Indian Prime Minister Narendra Modi and Uttar Pradesh Chief Minister Ajay Singh Bisht. Photo: AFP/ Sanjay Kanojia

International travelers to India looking forward to a visit to the monument of love regarded as the seventh wonder of the world – the Taj Mahal in Uttar Pradesh’s Agra – may soon be shocked to learn that the city is nowhere to be found on the Indian map.

The historic city established by Muslim rulers could soon be renamed as Agrawal or Agravan under an unofficial scheme being undertaken by the Bhartiya Janta Party (BJP) which is in power in Uttar Pradesh and at the Centre.

The demand to replace the Mughal-era name of Agra came last week from a legislator of the ruling BJP on the grounds that Agrawal, a Hindu caste, had its roots in Agra.

This argument has left many perplexed.

Five monarchs have been credited with transforming the city including the Afghan King Sikandar Lodhi, who made Agra the capital of his empire in the 16th century. There, Mughal Emperor Shah Jahan built the Taj Mahal a century later.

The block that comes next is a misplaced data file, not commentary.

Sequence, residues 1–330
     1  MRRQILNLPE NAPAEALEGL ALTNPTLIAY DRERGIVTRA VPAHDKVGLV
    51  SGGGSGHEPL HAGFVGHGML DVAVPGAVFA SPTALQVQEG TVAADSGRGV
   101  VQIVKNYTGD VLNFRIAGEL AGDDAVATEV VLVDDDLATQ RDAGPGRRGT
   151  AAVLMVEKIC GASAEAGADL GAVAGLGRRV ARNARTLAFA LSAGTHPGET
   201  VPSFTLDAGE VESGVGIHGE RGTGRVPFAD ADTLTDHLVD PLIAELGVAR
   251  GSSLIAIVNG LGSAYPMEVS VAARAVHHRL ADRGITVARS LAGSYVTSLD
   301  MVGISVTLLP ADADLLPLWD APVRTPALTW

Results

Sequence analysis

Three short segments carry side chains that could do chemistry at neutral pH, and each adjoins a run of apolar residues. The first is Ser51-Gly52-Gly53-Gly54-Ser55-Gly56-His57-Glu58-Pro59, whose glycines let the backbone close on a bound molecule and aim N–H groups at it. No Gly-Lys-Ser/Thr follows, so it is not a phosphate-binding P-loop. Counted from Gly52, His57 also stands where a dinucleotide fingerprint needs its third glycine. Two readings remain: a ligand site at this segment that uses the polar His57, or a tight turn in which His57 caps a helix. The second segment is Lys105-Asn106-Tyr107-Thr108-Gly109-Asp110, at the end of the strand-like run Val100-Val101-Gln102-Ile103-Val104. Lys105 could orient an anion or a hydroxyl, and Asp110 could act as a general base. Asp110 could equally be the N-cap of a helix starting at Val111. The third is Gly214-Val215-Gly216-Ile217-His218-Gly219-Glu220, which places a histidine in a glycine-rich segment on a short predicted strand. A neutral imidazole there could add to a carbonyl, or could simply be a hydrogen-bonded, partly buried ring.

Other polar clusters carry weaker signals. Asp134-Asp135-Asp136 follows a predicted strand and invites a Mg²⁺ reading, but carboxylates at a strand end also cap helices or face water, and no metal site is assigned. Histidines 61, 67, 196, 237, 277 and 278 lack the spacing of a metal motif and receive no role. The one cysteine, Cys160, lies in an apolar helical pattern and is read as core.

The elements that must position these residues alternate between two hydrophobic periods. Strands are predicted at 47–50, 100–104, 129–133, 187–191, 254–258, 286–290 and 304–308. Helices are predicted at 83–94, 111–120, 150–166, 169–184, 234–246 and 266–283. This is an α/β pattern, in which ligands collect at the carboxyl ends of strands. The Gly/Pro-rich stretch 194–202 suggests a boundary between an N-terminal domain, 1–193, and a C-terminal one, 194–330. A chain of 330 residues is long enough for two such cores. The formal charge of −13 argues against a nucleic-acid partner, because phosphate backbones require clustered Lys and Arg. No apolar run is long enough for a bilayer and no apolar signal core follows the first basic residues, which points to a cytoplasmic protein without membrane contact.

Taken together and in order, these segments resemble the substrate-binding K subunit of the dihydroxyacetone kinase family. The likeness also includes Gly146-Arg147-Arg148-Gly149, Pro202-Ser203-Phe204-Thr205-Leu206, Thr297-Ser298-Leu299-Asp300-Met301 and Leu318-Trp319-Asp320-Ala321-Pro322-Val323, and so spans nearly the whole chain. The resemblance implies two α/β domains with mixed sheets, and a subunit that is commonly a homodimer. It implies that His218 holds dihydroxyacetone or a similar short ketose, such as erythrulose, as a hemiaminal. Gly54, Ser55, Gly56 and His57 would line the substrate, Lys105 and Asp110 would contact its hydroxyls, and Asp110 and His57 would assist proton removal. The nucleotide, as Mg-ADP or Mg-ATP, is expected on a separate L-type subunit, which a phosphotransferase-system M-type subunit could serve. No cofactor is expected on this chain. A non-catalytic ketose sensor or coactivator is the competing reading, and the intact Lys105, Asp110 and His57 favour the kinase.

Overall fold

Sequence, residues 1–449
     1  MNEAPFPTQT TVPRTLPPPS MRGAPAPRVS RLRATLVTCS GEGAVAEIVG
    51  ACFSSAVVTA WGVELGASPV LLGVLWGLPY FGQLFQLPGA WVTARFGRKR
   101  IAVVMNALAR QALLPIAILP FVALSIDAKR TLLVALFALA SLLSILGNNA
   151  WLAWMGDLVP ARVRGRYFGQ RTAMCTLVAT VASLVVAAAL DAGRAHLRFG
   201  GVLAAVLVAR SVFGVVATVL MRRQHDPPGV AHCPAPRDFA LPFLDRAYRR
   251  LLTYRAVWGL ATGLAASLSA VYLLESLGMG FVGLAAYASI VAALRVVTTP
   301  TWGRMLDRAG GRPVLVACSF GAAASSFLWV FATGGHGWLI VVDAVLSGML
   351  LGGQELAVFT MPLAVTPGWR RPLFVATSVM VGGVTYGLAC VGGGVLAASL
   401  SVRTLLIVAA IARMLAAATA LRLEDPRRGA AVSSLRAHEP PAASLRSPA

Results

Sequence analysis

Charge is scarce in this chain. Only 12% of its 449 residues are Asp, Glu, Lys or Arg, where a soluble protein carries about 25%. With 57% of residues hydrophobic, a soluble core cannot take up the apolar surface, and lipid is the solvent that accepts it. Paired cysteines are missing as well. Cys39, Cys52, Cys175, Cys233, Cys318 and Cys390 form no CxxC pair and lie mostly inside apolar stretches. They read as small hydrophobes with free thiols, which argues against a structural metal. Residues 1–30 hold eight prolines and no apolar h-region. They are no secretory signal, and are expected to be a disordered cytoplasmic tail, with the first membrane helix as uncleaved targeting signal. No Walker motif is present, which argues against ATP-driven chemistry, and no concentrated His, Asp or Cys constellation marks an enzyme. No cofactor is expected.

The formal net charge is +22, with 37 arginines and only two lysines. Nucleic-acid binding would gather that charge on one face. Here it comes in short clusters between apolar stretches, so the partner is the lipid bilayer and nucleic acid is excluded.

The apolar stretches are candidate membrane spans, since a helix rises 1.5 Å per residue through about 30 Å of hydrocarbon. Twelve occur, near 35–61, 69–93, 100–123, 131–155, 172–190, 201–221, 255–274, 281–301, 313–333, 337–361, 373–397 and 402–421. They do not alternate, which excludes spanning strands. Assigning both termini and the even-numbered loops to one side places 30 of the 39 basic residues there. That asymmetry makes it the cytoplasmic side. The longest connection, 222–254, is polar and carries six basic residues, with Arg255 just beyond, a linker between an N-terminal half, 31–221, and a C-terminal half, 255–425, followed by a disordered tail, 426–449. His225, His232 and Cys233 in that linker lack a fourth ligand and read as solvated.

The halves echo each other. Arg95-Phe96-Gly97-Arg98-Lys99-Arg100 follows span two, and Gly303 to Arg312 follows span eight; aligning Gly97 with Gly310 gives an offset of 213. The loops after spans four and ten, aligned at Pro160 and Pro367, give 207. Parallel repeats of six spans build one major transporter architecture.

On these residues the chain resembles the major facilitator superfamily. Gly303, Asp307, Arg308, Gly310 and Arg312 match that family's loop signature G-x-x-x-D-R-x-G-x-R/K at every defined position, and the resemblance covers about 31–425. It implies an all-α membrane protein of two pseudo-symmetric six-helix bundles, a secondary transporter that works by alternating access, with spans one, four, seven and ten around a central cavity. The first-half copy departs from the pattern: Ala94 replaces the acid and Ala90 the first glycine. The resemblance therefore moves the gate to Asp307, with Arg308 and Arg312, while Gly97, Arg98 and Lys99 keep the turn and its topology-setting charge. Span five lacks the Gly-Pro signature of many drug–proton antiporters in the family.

The monument alone attracts over 7 million visitors annually with more than 800,000 of them coming from overseas.

The city’s tourism sector which includes hotels, eateries and other monuments like the Fatehpur Sikri fort, has a turnover of approximately Rs 10 billion (US$ 138 million), Mahatim Singh, secretary of Tourism Guild of Agra (TGA) told Asia Times.

The talks over Agra’s possible name change has shocked the locals. Many businessmen and residents fear that the move might affect the tourism industry badly after years spent marketing The Taj Mahal using Agra’s name means that now overseas travelers identify India with the name of the city.

Traders have also expressed their discomfort. They argue that it would cost huge sums of money to change the names on their signboards and hoardings across the city.